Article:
Better late than never. The European Parliament voted on Tuesday, November 22, in favor of the directive on gender balance among directors of listed companies with more than 250 employees. Boards of European companies will have to include at least 40% female directors by mid-2026. This proposal for a directive was presented in 2012, after the adoption in France of the Copé-Zimmermann law of January 2011, which had established such quotas.
Ten years ago, the Commission noted that women held only 13.7% of directorships in listed companies. Since then, around ten Member States of the European Union (EU) have taken restrictive measures, like France, which has made it possible to increase this rate to 30.6% of “boards” on the Old Continent.
“Seventeen countries have not yet taken actioncalculates the Dutch socialist MEP Lara Wolters, co-rapporteur of the text. And it was a very long battle to convince these states, but also the Parliament, which is mainly conservative, to support this progressive policy. »
“There was an urgent need to finally take action to rectify the gender imbalance in leadership positions, while insisting that merit should remain a key criterion in the selection procedures for directors”, assures Geoffroy Didier. MEP Les Républicains (European People’s Party) underlines the positive effects of the law in France, where more than 45% of administrator positions are now held by women – beyond the objectives that Europe has just set itself . Other states are still a long way off. In Cyprus, this rate is still capped at 8.5%, while in Estonia, it is 10%.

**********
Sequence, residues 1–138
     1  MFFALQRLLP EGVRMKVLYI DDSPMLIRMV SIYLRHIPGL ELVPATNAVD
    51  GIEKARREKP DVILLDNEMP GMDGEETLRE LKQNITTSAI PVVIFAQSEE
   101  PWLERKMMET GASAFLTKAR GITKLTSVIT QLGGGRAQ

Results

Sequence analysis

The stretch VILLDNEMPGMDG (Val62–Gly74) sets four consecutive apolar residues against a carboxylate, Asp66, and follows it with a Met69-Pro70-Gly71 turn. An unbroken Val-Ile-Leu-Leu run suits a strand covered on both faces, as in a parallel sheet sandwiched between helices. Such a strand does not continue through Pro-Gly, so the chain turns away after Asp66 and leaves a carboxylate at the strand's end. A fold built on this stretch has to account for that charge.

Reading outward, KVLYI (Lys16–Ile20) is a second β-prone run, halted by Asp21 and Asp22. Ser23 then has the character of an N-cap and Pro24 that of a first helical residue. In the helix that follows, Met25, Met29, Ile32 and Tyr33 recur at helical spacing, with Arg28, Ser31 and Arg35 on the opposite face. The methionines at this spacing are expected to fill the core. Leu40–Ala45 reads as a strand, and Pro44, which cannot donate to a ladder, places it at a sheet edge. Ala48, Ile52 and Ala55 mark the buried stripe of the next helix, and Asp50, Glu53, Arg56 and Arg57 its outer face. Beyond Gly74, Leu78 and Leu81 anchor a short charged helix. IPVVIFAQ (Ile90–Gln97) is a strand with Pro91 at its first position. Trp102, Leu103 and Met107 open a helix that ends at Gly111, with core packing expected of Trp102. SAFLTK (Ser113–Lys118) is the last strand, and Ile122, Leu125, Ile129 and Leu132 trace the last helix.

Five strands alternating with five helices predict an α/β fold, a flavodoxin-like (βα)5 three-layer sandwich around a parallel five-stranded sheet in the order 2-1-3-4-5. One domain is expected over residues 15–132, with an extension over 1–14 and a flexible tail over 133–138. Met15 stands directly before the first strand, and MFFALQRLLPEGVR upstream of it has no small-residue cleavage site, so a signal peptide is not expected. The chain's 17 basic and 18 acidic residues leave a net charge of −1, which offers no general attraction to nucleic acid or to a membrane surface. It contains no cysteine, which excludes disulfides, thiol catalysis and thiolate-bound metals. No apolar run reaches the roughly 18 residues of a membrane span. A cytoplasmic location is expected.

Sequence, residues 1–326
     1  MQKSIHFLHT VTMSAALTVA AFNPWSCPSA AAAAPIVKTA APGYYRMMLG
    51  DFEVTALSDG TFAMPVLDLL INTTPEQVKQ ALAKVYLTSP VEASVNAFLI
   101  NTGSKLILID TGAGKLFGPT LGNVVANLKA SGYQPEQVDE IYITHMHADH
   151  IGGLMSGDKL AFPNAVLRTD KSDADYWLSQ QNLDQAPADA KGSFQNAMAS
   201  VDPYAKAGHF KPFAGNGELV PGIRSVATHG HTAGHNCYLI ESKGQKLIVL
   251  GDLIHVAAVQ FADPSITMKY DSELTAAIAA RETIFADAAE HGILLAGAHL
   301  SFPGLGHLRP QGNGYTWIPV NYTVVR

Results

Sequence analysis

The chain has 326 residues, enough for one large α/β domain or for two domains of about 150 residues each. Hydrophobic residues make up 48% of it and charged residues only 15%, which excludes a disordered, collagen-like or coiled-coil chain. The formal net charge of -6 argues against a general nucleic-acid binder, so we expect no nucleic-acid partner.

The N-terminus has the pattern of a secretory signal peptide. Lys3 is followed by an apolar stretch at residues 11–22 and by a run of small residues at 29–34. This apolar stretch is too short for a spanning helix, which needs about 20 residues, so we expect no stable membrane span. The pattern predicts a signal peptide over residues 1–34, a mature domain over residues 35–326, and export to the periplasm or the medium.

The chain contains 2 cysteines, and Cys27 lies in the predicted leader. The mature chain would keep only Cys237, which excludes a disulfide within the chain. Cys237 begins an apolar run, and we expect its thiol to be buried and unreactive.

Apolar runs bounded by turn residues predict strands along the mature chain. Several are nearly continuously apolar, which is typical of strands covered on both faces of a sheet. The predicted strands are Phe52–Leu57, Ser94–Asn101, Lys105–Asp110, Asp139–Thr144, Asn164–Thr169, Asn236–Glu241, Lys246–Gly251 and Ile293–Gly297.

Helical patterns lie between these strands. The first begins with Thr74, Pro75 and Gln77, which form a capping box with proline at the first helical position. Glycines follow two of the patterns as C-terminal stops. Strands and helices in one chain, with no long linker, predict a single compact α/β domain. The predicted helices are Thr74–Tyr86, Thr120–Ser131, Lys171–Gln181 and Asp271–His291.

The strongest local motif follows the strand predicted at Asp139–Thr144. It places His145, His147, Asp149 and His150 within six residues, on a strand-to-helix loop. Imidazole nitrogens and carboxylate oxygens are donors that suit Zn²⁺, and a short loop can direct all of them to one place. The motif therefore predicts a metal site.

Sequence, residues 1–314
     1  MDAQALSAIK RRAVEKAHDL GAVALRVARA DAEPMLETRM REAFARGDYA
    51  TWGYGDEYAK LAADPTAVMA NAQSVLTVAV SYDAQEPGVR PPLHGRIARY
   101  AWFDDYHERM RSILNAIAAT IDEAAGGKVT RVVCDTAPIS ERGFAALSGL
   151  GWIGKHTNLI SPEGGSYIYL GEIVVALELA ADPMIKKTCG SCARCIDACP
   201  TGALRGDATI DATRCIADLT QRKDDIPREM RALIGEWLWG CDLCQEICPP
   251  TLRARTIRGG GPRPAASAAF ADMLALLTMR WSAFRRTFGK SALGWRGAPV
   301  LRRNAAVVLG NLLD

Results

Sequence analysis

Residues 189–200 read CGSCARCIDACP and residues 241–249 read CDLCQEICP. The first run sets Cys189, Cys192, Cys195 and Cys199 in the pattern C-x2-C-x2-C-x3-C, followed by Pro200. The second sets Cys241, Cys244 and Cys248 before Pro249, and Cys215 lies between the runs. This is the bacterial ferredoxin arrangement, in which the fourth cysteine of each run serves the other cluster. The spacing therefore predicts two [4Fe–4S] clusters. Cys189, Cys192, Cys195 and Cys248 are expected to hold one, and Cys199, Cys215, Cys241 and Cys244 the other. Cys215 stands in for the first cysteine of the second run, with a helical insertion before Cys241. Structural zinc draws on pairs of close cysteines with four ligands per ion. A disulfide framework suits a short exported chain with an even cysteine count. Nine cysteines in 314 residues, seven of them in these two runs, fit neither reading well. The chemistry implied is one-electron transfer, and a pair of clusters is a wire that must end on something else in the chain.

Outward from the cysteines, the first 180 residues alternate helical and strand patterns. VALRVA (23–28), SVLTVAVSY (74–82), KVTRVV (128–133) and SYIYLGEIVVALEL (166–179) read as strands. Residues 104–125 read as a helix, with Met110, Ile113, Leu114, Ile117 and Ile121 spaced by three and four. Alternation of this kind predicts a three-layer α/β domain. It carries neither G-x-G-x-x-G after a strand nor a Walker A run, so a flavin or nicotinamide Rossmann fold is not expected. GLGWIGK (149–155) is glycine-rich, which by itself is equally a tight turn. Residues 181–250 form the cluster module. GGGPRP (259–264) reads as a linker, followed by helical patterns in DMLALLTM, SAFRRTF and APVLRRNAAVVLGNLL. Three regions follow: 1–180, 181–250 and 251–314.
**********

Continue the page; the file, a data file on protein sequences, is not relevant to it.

“A very long battle”
“To move these countries, we needed this text. But it was a very long battle”assures Austrian Socialist MEP Evelyn Regner, the other co-rapporteur of the law, which provides for fines, or even the dissolution of the councils in the event of non-compliance with the law.
For ten years, the EU shattered over the German “no”. Angela Merkel and the CDU (Christian Democratic Union) did not want to hear about binding measures against big business. His departure from the Chancellery and the arrival of the Social Democrat Olaf Scholz, in December 2021, made it possible to obtain a political agreement in the first half of 2022 in the Council, then in Parliament.
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